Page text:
A person’s age does play a role in the level of risk for meningitis infections. No human being is immune to any kind of meningitis infection. Meningitis can affect anyone.
Typically, contagious infections spread in places where people are living or congregating in close quarters for extended periods of time (crèche, boarding schools, military bases, university or college campuses or residences, places of work or retirement villages).
Age groups that are at higher risk and more susceptible are:
- Children under the age of 5
- Teens and young adults between the age of 16 and 25
- Older adults (55 and older)
Medical conditions and treatments can also put certain individuals at a higher risk. Conditions such as immune system disorders, chronic illnesses or those with a damaged or absent spleen can easily fall ill when exposed to bacteria. Those who have undergone treatments such as chemotherapy and organ or bone marrow transplants may also have compromised immune systems, making them vulnerable to meningitis infections.
Other factors that will place a person at higher risk include:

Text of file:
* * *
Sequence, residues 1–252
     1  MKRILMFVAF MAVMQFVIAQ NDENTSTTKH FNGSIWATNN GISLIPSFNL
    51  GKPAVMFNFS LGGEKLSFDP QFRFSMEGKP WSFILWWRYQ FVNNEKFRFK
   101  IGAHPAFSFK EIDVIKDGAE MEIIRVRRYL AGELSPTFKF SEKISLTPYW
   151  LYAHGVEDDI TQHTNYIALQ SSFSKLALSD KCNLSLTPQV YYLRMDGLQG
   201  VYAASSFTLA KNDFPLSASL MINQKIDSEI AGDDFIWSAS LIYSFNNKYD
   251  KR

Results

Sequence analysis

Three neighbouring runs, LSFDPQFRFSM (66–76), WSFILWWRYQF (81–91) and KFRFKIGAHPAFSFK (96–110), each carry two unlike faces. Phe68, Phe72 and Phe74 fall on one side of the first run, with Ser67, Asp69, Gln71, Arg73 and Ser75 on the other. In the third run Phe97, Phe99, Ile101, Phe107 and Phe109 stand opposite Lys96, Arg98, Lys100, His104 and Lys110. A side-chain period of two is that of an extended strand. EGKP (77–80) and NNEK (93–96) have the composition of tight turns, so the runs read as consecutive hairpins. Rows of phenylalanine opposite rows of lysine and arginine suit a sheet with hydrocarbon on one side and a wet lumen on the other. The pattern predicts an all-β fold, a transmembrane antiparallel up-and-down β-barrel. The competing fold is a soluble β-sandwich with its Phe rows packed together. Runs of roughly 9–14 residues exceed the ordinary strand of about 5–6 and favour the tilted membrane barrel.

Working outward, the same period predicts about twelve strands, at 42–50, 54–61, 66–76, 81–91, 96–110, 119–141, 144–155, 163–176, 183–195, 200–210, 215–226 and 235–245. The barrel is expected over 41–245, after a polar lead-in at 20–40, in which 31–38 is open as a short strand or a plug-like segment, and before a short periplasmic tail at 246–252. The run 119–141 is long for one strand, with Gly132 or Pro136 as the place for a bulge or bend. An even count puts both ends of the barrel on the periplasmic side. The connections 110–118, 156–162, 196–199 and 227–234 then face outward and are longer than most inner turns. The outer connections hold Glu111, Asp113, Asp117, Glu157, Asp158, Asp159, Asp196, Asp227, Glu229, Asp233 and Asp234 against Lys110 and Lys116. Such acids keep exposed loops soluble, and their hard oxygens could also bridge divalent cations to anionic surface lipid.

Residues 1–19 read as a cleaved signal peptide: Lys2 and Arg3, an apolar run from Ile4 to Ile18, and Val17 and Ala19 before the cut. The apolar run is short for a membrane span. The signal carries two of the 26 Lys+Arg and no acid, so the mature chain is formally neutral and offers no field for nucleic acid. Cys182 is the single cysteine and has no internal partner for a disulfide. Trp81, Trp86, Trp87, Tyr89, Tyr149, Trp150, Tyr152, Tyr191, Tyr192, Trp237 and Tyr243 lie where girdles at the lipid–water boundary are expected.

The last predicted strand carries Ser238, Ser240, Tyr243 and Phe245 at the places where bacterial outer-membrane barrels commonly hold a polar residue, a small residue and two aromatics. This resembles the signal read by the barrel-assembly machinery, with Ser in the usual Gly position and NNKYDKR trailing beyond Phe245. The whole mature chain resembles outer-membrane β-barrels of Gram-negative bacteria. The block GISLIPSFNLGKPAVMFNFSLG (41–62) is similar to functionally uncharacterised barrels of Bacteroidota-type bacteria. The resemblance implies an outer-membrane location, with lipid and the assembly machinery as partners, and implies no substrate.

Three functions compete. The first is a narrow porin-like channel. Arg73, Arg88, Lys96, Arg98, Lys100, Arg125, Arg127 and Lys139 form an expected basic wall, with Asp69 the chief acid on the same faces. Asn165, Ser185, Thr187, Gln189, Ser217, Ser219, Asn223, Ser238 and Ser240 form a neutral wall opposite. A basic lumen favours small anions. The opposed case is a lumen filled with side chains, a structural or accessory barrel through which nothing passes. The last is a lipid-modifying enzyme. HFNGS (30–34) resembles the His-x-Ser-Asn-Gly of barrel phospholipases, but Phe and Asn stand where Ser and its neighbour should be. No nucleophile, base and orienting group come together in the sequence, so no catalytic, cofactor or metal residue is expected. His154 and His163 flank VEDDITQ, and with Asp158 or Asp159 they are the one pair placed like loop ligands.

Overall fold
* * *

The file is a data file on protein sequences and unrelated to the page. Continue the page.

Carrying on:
- Skipping essential vaccinations
- Pregnancy (especially when exposed to listeria bacteria which can result in miscarriage, premature delivery or stillbirth)
- Farm workers (especially those who work with animals are also at risk of listeria bacterial infections)
When complications develop, they can quickly become severe. The risk of permanent brain (neurological) damage and seizures can increase dramatically in a short space of time.
Other serious complications which can easily develop include:
- Hydrocephalus or subdural effusion (swelling on the brain ‘water on the brain’ and fluid build-up between the skull and the brain)
- Loss of hearing
- Kidney failure
- Gait problems
- Memory and learning difficulties